When I was a wargamer, playing out tabletop battles, I enjoyed playing the scenarios that offered what-if options. What if Hitler hadn’t sent two crack divisions to Greece and instead had them on the front line in 1941 when invading Russia? What if Germany started that fight in May, not June, giving an extra month of campaign time? What if Napoleon had Grouchy’s corp on hand at Waterloo? What if the Prussians had, as Napoleon hoped, fled away from the battlefield, not marched towards the sounds of the cannons? What if the French cavalry had not charged at Agincourt, and instead sent in its infantry and crossbowmen first? What if the Viet Minh had fewer heavy artillery at Dien Ben Phu? What if the French had more? What if the British had been able to hold the bridge at Arnhem? What if the Union had lost at Gettysburg? The Gauls won at Alesia? What if Pompey beat Caesar? The Romans failed to capture Jerusalem in 70CE? The Turks kept Lawrence from Aqaba?
Of course, the wargames focused solely on the outcomes of battles; not on the social, political and cultural upheavals that could follow. Even so, one cannot help but wonder what would have happened when the panzers took Moscow in the early winter of ’41…
I’ve enjoyed exploring similar scenarios with computer wargames and still have a few military strategy games on my hard drive I turn to now and then. Games like Civilization and Age of Empires also let you engage in some uchronistic gaming, albeit with less historical underpinning.
I’ve even tried my hand at some alternate fiction. I wrote a short story about what might have happened if the crew had not mutinied and Henry Hudson had returned home to England in 1612.
In 1999 and 2001, two volumes titled What If?, edited by Robert Crowley, were published (released as a single volume by Putnam in 2002). They contained essays by “eminent historians” on what might have been; what history might have looked like, if something had changed to alter the outcome. A drier summer for a Medieval campaign, bad weather for D-Day, a change of heart in Pontius Pilate, a Mongol sweep through Europe, Napoleon III hadn’t declared war on Prussia, Martin Luther had been tried and burnt at the stake… while a bit dry at times, the essays offer some fascinating insights into how history might have turned out, had something be a little different from what actually happened.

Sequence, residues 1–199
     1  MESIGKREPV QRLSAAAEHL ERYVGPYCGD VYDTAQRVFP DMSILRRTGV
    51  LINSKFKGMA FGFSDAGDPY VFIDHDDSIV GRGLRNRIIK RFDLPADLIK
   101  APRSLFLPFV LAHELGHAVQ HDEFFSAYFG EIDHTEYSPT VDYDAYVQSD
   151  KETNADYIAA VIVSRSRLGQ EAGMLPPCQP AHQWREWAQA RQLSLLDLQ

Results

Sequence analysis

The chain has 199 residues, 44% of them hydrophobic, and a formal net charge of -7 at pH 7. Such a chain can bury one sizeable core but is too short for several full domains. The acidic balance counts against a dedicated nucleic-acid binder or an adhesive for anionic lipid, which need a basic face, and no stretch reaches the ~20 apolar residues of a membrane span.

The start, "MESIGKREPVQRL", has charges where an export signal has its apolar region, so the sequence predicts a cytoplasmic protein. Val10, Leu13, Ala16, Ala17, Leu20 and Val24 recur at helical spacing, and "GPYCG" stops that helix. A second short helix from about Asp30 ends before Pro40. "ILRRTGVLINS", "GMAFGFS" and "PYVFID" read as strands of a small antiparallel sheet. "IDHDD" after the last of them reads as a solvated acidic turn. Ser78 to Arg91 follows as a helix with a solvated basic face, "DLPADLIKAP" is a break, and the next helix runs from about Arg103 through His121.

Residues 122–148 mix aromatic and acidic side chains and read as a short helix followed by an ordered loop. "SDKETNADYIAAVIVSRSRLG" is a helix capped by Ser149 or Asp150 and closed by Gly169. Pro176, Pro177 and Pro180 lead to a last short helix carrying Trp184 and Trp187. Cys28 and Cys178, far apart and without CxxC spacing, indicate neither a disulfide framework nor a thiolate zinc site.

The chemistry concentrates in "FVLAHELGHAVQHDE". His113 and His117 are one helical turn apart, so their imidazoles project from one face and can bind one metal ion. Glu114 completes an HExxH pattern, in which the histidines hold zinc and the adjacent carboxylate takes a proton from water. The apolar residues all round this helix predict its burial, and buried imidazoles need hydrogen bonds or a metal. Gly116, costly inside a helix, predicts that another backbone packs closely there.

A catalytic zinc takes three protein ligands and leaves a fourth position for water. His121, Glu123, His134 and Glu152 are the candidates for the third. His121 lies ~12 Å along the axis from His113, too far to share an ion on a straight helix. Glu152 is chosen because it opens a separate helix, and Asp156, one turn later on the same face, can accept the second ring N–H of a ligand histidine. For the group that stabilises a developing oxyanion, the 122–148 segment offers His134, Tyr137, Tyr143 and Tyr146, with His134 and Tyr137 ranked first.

These essays are great food for thought if you ever wondered about such things.
Similarly, but in a more narrow focus, historian Ian Kershaw wrote Fateful Choices: Ten Decisions That Changed the World 1940-41 (Penguin, 2007) that describes in detail ten events that shaped the outcome of WW2. While not speculating about alternate history, Kershaw clearly shows how outcomes hinged precariously on some very specific moments.
But back to the book and the author. Turtledove has been called the “standard-bearer for alternate history.” I’ve read a few of his books in the past, but he’s a very prolific author and what I’ve read of him is a mere drop in the proverbial bucket of his output. Last one I read was a co-authored work with Judith Tarr – Household Gods – an alternate history Rome novel about a modern woman who goes back in time a couple of thousand years.
I suspect I’ll enjoy the WW2 novel, in large part because I’ve been hearing about, reading about, and studying WW2 ever since I can remember. My parents were veterans; so were their brothers and sisters. I lost family in the war. So I suppose it still has a special meaning for me.
The Big Switch has a 2011 publication date and was a remainder hardcover – it may be in paperback these days, but I believe I saw another copy in the bin where I got mine. Should you be interested (and local)… but you can also check the local used bookstores for a paperback edition.
- 1274 words
- 7569 characters
- Reading time: 415 s
- Speaking time: 637s